This won’t look its best on a conventional metal and glass hi-fi rack – the enjoy the full retro experience it should be placed on a sideboard at least, and paired with suitably retro-looking speakers. The walnut veneer of the Wharfedale Denton 85th Anniversary bookshelf model matches the Leaks’ wooden sleeves perfectly – after all, they’re made in the same factory – and so does that of the larger Linton Heritage, which has a matching stand just the right size to store your LPs.
The Leak amplifier looks like something out of hi-fi’s past but that’s entirely intentional. However, the combination of up-to-date technology and the hand finished veneering makes this a charming alternative to the ubiquitous black or silver, without sacrificing any performance. Beautifully made and with modern convenience, these are real statement designs to show you take your music as seriously as the hi-fi enthusiasts of past generations – even if you’re streaming it from your phone.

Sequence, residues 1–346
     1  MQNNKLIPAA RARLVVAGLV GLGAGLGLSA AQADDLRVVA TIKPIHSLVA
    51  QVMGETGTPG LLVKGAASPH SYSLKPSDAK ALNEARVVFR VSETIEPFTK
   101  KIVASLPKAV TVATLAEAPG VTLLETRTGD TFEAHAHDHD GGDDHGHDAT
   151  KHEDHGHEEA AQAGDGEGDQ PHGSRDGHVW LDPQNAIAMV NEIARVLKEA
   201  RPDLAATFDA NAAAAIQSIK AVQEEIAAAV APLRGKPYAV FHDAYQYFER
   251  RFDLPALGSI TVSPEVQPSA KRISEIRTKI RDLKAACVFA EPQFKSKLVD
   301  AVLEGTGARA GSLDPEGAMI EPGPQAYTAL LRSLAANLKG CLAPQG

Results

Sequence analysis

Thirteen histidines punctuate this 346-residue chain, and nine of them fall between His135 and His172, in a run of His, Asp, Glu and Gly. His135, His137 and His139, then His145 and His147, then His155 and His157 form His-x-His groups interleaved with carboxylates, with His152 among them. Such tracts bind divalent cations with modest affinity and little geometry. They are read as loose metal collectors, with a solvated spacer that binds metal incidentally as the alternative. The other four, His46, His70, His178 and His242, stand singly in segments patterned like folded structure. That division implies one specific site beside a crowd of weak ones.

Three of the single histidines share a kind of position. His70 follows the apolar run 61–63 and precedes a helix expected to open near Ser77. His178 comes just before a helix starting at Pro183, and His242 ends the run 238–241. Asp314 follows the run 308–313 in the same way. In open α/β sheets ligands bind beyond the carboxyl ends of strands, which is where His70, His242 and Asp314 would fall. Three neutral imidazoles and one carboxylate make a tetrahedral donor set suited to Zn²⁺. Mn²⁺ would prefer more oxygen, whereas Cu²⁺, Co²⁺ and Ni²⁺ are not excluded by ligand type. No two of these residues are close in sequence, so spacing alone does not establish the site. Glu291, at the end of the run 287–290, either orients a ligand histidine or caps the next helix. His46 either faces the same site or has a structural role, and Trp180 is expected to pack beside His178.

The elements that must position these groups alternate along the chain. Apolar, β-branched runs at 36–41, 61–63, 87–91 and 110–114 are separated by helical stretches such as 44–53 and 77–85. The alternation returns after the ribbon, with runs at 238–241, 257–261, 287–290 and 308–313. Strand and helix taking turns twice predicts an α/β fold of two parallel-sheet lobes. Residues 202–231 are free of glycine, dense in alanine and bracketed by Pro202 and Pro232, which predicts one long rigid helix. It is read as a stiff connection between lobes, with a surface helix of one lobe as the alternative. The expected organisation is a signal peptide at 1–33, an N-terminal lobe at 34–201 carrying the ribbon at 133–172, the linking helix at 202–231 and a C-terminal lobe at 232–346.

Jimi Hendrix Crosstown Traffic
Well, it had to be done – and right from that outrageous panned opening, the track powers out from the speakers, showing there’s more to the 21st Century Leak sound than just lush smoothness: yes, there’s plenty of weight, but also bags of detail in the simple but effective stereo mix
Handel I Know That My Redeemer Liveth (Susan Hamilton/Dunedin Consort/John Butt)
One from the neighbours – in this case the admirable ‘small scale’ recording of Handel’s Messiah, beautifully played by the Dunedin Consort. The soprano voice sounds lovely, while the orchestral accompaniment is perfectly judged, and well served by the Leaks’ warmth and clarity
John Williams Scherzo for Motorcycle and Orchestra
The venerable movie composer puts the Berlin Philharmonic through its rhythmic paces in this cue from Indiana Jones and The Last Crusade, allowing the Leak system to show it can do big slams as well as it handles skittering strings and woodwind, while the brass section sounds ripe and rich, too
Hi-fi with real style, and a long way from the over-technical look of so much current equipment. This isn’t just the revival of a famous name from the past, but the reinvention of a whole listening experience from decades ago, spiced up with the latest technology – and with a sound to please modern music enthusiasts.